Body Temperature Key to Fighting Infections and Tumors, says Study

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A recent research study conducted at the University of Warwick has adjudged that hotter bodies are more efficient in fighting infections, wounds, and tumors. The study had asserted that bodies with hotter temperatures have a speedy defense mechanism and counters slight escalation in temperature and inflammations such as fever in a much stronger manner than otherwise.

It was detected that inflammatory signals prompt NF-kB proteins as a manner of ticking clock, with the specific proteins moving forwards and backwards as well as in and out of the cell nucleus, switching genes off and on in the process. In cases wherein NF-kB is not controlled, it can lead to inflammatory diseases such as rheumatoid arthritis, psoriasis, and Crohn’s disease. In a body at temperature overs 34 degrees, the clock of NF-kB slows down and gains speed over 40 degrees.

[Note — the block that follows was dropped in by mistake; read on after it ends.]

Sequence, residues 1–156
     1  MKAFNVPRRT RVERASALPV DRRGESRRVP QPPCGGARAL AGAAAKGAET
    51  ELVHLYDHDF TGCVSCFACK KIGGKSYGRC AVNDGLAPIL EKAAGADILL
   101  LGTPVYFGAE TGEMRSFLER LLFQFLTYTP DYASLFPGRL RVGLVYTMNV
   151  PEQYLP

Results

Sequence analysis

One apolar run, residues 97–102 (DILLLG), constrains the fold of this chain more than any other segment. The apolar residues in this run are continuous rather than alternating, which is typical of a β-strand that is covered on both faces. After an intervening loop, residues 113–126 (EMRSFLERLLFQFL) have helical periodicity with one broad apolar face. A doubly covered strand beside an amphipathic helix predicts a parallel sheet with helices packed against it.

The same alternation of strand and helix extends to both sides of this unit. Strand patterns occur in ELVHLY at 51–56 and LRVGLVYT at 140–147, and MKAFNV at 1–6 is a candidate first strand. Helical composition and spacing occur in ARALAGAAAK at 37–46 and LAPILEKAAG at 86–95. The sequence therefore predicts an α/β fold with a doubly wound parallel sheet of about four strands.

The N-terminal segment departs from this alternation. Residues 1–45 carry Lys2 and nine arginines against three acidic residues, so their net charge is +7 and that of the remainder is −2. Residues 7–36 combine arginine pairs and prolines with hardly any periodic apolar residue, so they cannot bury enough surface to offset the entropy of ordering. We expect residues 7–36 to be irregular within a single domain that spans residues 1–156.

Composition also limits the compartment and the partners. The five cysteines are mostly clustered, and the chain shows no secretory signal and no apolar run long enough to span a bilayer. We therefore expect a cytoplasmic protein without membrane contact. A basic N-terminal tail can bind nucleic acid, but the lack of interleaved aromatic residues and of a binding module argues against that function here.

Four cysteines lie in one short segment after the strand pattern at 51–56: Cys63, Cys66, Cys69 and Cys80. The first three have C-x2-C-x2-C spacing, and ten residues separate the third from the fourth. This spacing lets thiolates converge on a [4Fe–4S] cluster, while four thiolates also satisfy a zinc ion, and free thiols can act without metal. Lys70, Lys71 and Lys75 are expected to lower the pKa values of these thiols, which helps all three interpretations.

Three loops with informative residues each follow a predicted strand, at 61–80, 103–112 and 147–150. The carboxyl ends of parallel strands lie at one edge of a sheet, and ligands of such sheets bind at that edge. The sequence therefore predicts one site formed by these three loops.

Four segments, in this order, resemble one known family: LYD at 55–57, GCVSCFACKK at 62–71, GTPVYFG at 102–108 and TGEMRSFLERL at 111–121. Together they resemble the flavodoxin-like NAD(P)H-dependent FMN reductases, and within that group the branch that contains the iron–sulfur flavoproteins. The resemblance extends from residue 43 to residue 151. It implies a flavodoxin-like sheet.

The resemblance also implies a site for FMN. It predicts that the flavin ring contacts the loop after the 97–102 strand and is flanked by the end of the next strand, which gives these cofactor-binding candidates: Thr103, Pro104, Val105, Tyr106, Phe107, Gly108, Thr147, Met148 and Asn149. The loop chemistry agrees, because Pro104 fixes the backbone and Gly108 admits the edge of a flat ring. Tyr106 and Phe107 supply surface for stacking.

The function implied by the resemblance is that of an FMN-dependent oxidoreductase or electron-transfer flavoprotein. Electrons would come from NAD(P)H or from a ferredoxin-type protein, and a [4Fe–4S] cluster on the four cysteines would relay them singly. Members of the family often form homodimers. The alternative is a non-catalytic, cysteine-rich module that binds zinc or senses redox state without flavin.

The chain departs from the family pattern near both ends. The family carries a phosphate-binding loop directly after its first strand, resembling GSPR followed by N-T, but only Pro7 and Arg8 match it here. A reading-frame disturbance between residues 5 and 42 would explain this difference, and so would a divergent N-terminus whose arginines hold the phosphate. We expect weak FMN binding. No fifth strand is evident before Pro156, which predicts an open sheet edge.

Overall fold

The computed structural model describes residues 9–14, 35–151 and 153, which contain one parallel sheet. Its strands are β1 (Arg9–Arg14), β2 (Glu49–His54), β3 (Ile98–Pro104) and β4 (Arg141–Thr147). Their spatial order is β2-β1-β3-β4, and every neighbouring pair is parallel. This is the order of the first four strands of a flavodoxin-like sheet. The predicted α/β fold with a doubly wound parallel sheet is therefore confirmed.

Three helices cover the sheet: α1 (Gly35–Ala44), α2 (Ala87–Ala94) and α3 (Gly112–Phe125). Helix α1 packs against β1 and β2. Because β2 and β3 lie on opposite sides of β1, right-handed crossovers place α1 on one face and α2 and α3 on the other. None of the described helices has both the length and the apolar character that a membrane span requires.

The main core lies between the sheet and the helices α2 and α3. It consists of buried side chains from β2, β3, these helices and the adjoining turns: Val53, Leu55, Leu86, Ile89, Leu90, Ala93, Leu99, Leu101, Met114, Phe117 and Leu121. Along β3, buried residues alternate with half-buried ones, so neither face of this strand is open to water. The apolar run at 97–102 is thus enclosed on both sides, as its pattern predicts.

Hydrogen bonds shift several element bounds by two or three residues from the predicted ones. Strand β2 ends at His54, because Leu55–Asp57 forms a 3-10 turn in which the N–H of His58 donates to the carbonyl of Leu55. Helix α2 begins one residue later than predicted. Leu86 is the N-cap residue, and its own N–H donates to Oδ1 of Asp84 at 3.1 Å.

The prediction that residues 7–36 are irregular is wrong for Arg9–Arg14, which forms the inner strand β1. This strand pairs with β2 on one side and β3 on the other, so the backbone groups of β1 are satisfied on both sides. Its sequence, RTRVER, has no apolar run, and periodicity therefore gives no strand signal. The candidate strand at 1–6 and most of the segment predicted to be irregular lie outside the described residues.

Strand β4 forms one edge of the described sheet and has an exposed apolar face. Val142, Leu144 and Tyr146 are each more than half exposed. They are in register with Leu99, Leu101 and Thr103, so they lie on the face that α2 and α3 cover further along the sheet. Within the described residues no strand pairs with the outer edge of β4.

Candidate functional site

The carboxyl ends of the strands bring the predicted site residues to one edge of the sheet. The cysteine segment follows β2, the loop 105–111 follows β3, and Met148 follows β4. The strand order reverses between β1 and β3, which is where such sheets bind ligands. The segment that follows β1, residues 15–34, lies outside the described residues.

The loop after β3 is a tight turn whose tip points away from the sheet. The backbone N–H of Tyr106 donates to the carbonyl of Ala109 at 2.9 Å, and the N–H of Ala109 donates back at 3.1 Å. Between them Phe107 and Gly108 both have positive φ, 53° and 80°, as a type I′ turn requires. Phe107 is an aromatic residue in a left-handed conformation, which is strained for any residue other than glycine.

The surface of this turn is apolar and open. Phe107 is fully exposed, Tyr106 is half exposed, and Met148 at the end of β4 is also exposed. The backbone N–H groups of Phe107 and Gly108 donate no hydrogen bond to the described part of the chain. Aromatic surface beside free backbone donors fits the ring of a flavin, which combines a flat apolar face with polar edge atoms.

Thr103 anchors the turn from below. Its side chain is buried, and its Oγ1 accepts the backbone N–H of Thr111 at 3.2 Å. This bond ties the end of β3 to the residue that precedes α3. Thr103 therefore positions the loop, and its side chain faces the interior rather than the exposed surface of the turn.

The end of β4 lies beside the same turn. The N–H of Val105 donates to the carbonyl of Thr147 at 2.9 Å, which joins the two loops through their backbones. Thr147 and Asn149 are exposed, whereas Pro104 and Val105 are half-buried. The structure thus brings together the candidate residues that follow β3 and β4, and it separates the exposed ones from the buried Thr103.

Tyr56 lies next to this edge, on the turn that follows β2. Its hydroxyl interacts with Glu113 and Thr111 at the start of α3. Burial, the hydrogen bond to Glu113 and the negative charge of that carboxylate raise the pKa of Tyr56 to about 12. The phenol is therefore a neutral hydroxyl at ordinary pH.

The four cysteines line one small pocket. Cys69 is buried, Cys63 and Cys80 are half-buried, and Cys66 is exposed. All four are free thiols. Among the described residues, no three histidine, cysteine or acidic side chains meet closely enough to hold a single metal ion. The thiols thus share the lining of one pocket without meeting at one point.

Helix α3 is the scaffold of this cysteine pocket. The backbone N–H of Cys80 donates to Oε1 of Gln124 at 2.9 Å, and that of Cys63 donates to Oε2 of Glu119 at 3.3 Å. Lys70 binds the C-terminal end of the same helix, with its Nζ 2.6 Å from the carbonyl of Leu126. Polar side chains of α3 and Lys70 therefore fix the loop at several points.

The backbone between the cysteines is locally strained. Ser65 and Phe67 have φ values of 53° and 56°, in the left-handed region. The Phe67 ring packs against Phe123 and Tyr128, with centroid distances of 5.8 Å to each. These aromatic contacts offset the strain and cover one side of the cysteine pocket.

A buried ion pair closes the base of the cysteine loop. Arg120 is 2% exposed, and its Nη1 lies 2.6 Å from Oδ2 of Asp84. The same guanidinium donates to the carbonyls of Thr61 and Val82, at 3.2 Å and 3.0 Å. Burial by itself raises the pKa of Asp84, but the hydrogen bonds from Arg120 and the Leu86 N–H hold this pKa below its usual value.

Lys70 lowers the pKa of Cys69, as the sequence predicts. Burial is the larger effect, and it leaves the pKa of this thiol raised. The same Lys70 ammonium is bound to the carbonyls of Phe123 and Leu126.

The mathematicians have calculated how temperatures increase and have predicted that a certain protein called as A20 may be utterly critical for the processes. The researchers managed to extract A20 from cells and noted that the NF-kB clock failed to clock its sensitivity as the temperatures increased.

The research has been a result of a collaboration of experts from multiple disciplines, including biologists and mathematicians from the Universities of Manchester and Warwick. The group of researchers has hoped that this new findings will help in devising more effective and efficient drugs that will target exact protein for the recovery process. It has been revealed that low body temperatures during sleeping hours may provide for fascinating explanation on how shift works, jet lag occurs, or sleep disorders expand.

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